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On the cancelling of comedians, culturally appropriated soup and racist donuts
At some point in recent years, it became clear to me that cancel culture was dangerous. Dangerous in the abstract sense, as in what it could do to open debate. But also dangerous in the practical sense, as in what it could quite conceivably do to you personally.
What began around the mid 2010s as a trickle of mildly alarming anecdotes, mainly originating on American campuses, featuring controversial public intellectuals who were “cancelled” — stripped of speaking engagements and/or positions, shamed and shunned — has now become a deluge. A tidal wave crashing into all areas of public life, leaving us all standing scared, soaked to our skin.
One can find, weekly, instances of mistakes or missteps that cost people their livelihoods. In isolation, each incident sounds a bit absurd and, almost always, hopelessly convoluted. But also, in some circles, at a stretch, somewhat justifiable.
Taken all together, it feels like a form of madness.
On the ground, speaking with people, there’s a surreal divide in reactions to this. On the one hand, there’s absolute terror from anyone in the media, academia, tech, the arts, or the non-profit sector — in other words, anyone likely to have a Twitter account. But on the other hand, there seems to be a lack of comprehension in the general public. (When I told one friend, for instance, that I was writing about cancel culture, she replied, “Is that when flaky people ditch plans?”)
While the culture wars clearly register for only a slim margin of people, the ideology driving them is slowly seeping out into all areas of daily life, from education to corporate culture and even food, with firestorms exploding over culturally appropriated soup and racist donuts.
This trend, I’m afraid to say, is made more pronounced by an almost complete lack of challenge to the Very Online crowd’s assumptions. Which is hardly surprising, since, at least in some contexts, questioning their ideology is now considered deeply immoral. And that, it turns out, is something that absolutely everyone in the public understands, whether they’re glued to Twitter or not.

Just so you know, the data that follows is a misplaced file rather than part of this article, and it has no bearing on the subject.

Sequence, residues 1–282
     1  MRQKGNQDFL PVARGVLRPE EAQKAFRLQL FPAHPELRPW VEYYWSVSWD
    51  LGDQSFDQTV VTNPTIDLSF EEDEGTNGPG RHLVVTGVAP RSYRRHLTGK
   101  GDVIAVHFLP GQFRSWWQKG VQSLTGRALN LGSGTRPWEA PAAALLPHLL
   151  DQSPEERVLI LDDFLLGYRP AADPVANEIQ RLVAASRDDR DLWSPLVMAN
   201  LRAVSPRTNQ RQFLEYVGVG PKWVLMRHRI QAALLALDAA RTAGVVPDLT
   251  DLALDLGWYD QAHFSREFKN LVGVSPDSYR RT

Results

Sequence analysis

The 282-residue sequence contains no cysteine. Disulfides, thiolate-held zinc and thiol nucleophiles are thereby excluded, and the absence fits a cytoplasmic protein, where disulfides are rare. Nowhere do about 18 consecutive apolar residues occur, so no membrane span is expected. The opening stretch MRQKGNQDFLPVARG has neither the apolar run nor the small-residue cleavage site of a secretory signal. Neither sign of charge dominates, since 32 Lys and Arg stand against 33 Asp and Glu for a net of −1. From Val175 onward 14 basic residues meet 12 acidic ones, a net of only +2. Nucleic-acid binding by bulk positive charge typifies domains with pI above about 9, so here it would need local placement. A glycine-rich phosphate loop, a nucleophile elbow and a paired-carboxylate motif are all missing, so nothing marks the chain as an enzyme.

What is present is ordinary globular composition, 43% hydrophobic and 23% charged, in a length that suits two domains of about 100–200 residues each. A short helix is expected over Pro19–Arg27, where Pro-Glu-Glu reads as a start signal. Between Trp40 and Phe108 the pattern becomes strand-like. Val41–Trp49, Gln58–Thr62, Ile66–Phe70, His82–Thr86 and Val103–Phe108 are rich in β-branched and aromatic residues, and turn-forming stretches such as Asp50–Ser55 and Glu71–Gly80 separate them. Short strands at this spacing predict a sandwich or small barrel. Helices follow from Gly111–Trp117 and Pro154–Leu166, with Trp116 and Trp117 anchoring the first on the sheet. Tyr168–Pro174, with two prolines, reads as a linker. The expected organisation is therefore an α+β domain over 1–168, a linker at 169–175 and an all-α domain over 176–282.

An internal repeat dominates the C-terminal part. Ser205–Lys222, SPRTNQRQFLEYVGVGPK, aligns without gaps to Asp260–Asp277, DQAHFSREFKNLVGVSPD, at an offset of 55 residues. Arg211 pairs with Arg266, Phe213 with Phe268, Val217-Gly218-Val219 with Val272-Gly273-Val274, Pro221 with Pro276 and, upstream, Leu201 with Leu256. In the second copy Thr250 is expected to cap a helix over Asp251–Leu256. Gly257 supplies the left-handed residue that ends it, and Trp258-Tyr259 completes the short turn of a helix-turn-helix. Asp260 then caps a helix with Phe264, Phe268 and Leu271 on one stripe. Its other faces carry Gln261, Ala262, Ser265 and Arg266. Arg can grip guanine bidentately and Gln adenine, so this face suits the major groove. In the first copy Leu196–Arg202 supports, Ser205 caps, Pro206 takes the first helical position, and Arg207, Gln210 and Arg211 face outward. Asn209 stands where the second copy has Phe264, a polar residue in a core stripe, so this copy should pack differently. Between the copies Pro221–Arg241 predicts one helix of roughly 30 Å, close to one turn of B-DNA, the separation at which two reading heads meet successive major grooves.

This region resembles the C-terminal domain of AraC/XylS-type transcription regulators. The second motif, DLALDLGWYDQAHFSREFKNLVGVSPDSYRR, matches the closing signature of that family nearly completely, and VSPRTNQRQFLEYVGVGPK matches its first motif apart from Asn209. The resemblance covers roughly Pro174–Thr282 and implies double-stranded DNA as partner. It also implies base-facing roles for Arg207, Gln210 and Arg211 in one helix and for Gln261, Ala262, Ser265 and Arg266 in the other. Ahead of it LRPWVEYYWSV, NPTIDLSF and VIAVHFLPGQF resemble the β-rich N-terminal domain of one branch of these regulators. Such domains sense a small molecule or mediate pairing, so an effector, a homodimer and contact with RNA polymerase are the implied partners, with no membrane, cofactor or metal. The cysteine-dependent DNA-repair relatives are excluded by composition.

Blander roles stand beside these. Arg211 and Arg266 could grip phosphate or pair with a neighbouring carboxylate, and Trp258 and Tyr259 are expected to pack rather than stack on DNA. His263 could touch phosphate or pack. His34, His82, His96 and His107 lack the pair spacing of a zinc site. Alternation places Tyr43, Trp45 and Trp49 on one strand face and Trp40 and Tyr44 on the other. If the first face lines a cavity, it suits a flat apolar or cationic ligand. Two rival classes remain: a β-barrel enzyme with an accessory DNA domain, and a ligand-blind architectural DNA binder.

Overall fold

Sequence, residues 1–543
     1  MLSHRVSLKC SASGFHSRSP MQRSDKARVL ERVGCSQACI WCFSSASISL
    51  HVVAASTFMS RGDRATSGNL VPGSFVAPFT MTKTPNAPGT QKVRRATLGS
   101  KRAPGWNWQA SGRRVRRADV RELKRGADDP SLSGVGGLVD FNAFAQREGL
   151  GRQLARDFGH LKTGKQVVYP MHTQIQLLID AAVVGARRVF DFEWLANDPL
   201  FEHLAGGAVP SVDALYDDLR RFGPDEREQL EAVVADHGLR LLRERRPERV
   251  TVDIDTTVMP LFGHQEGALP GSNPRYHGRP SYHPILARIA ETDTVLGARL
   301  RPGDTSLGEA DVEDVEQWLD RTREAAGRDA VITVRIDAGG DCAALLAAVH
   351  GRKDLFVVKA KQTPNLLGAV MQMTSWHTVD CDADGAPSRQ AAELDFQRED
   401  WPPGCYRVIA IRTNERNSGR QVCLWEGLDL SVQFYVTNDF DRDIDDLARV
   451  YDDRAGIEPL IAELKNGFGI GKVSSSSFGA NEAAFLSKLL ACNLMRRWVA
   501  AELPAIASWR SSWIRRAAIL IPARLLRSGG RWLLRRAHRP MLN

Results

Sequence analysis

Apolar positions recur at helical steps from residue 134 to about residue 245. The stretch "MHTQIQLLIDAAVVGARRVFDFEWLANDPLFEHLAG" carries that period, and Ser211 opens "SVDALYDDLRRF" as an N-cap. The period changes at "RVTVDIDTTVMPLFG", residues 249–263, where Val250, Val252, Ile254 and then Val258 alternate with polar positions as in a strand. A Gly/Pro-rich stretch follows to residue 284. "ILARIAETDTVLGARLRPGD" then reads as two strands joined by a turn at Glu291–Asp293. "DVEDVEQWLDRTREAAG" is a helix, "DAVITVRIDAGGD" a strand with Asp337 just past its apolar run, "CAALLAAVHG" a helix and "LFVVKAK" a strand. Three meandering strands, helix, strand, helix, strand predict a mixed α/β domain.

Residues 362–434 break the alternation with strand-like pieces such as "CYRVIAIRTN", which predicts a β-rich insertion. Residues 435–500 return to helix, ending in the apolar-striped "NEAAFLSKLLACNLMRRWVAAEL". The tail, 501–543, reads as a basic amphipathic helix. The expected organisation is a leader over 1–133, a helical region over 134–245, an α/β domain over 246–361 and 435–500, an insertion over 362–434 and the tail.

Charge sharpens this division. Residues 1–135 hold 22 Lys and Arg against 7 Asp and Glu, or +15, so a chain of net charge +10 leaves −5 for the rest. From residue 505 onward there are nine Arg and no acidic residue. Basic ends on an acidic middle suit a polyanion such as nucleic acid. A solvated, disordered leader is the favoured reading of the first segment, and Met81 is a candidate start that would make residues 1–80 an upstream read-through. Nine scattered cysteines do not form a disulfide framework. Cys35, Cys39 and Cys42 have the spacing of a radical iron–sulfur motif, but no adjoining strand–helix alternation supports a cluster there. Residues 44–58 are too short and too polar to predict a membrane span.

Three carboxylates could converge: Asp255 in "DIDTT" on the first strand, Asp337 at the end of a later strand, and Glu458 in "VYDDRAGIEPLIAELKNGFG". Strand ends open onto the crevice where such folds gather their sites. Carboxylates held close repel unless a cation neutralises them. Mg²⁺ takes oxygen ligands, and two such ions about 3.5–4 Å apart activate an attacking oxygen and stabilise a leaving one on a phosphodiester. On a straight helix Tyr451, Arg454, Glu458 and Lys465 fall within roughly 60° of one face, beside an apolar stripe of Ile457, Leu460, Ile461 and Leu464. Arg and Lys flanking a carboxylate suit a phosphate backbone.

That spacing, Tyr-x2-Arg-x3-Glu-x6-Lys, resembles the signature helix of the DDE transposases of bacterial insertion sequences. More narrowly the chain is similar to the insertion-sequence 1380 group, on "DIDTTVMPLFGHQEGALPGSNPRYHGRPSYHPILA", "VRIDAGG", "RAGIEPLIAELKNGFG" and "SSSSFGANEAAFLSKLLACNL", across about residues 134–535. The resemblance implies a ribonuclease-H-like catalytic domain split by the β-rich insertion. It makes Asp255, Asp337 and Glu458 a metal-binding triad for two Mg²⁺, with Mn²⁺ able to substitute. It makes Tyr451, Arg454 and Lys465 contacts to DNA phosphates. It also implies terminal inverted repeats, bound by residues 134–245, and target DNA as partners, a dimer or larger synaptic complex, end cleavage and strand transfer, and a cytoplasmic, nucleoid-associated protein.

The emotion driving cancel culture, then, is not outrage. It is fear.
I started thinking about all of this again this week, as I prepared to interview the leftist writer and thinker Ben Burgis for the podcast. He’s the author of Canceling Comedians While the World Burns (best title ever?), which argues that we need a “smarter, funnier, and more strategic left.” Here’s a great primer.
I was also reminded of the chilling effect of cancel culture this week reading Sarah Hepola’s essay in The Atlantic, The Things I’m Afraid to Write About. This passage in particular perfectly captures the mood in media and literary circles right now:
Everyone kept quiet (save for the brave few who did not). My writer friends and I huddled backstage at panels in green rooms filled with chocolate-chip cookies and veggie platters, whispering about everything we couldn’t say out there, in the scary beyond.
The reasons were simple, at least for me. Careerism. Fear. A nagging sense that I did not know enough about any given controversy to weigh in publicly (though that never stopped so many others). Back in 2015, I was putting out my first book, and then I was promoting that book, and then I was struggling to write a second book, and I could not risk the personal and professional blowback that might accompany stepping into the wrong lane. I’d long considered myself a liberal and a feminist, but I’d grown terrified of being banished for views I considered reasonable, or at least worth discussing — but maybe, but what about, but actually. Every day, I scrolled the endless river of outrage and all-caps, watching people express similar views to mine only to be pounced upon. Once-celebrated writers were being publicly rebranded as ghoulish, pieces of trash, red-pilled. The unwritten rule of elite media tribes seemed to be this: You spout the company line, or you shut up. And that’s why, midway through a career built on speaking out, I shut up.
On that note, The New York Times editorial board published an opinion piece about free speech and cancel culture today. To my mind, the editorial is fair, thorough, and long overdue:
For all the tolerance and enlightenment that modern society claims, Americans are losing hold of a fundamental right as citizens of a free country: the right to speak their minds and voice their opinions in public without fear of being shamed or shunned.